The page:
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How going ‘Blind at The Age of Four’ inspired musician and fine artist GAUNT’s debut album and exhibition.

Great art teaches us about being human and GAUNT’s work is a crash course in the subject.

Through the sheer amount of ways to interact with Blind at The Age of Four – the album, the paintings, the performances, the exhibition, the billboards – you can learn a lot about the beauty of life’s abstraction, the importance of making art and culture accessible, the artist in question’s childhood and, maybe even your own experiences. 

Growing up in an area of Cambridgeshire he describes as ‘the middle of nowhere,’ Jack Warne’s childhood is timestamped by spells of blindness. Caused by a rare, hereditary disease called Thiel–Behnke dystrophy, his experience of the condition, and the way he interprets the world as a result of it, is as integral to the all-encompassing project as the name would suggest. 

Blind at The Age of Four is the debut album from the producer and fine artist, but it’s more so a world that he’s been building since he moved to London. GAUNT not only creates crunchy, electronic textures in music, he also puts them into a painted, full collection of warping, physical and digital art that will be exhibited at 39 Gransden Avenue in Hackney throughout September and October.

Header video by Jack Warne


Words by Greg Stanley

Culy nad Leimy © D/ARTS
39 Gransden Avenue © D/ARTS

Using augmented reality filters within Instagram, the still imagery in his collection moves, abstracted further via the audience’s own smartphones, all whilst a rendition of the music from the album plays. ‘As someone who has had their own genetic coding abstracted by a physiological glitch, my paintings and music have that quality as well,’ Jack tells us via webcam, dressed casually in a baseball cap as opposed to the full-armour suit that represents him publicly. 

On Blind at The Age of Four he lets his guard down. His use of various means results in not only an incredibly ambitious, enormous amount of work, but also a well-rounded, immersive experience. Sound and visuals work together as one, or as individual entities from which listeners or viewers can decipher their own meaning and feeling.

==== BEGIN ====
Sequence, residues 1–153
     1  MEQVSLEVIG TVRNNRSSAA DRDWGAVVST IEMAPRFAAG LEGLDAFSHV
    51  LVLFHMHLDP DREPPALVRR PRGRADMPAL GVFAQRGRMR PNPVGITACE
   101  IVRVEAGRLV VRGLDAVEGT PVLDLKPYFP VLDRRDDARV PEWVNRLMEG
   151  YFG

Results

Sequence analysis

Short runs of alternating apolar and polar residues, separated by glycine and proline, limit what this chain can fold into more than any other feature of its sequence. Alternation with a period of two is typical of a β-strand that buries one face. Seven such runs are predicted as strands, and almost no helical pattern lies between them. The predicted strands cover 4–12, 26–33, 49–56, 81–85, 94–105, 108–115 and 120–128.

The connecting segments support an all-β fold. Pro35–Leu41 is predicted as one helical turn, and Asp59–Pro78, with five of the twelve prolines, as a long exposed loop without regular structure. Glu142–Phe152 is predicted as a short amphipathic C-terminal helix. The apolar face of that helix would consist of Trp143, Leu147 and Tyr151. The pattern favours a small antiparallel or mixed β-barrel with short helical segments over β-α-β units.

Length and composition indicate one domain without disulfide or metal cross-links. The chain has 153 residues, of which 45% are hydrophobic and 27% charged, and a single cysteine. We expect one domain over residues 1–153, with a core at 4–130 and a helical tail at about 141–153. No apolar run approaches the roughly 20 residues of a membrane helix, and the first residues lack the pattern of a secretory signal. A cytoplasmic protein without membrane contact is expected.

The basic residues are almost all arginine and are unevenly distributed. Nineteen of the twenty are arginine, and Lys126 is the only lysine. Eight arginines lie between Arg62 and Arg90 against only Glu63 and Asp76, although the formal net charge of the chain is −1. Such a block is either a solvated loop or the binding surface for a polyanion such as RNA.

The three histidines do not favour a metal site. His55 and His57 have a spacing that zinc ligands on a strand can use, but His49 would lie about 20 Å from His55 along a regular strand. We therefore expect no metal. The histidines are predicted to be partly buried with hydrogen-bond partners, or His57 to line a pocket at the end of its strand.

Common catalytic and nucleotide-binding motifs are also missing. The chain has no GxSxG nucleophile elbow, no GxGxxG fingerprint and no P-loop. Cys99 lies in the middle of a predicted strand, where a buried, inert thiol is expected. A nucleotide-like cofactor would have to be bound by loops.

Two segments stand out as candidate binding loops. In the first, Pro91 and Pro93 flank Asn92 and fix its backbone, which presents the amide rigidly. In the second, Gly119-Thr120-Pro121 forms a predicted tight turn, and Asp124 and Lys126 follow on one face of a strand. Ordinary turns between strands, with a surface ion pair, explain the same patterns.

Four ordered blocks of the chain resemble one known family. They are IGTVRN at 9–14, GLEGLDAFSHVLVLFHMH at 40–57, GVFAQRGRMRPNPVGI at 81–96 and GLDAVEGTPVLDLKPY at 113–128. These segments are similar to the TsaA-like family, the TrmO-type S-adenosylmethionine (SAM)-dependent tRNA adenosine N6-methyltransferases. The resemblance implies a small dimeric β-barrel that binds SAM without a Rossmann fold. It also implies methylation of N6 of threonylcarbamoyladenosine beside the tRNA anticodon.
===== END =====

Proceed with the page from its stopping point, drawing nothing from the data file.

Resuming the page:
‘I don’t want this project to expose myself too much in that it’s “all about Jack,” because it’s not,’ he says, evidently excited to be on the brink of sharing such a huge amount of work. 

‘Because of the noise and the distortion, the project is more abstract, so I hope people can interpret it more in their own way, or place themselves within it. That accessibility is fundamental to the project and that level of abstraction is fundamental to life, for me.’ 

‘It’s nice to live life with some mystery, you want the noise, you want the journey of working out what it means..’

Ulcy Rptresnse Het Flim © D/ARTS

So some people might know you as GAUNT, some might know you as Jack or the guy inside the armoured suit. But how would you describe yourself? 

In very black-and-white terms, I’d describe myself as a multi-disciplinary artist. My background is embedded in this idea of, ‘what is audiovisual?’ I’m interested in both audio and visual arts and the balance between the two. I’m interested in how they are able to display emotion but also what each approach lacks.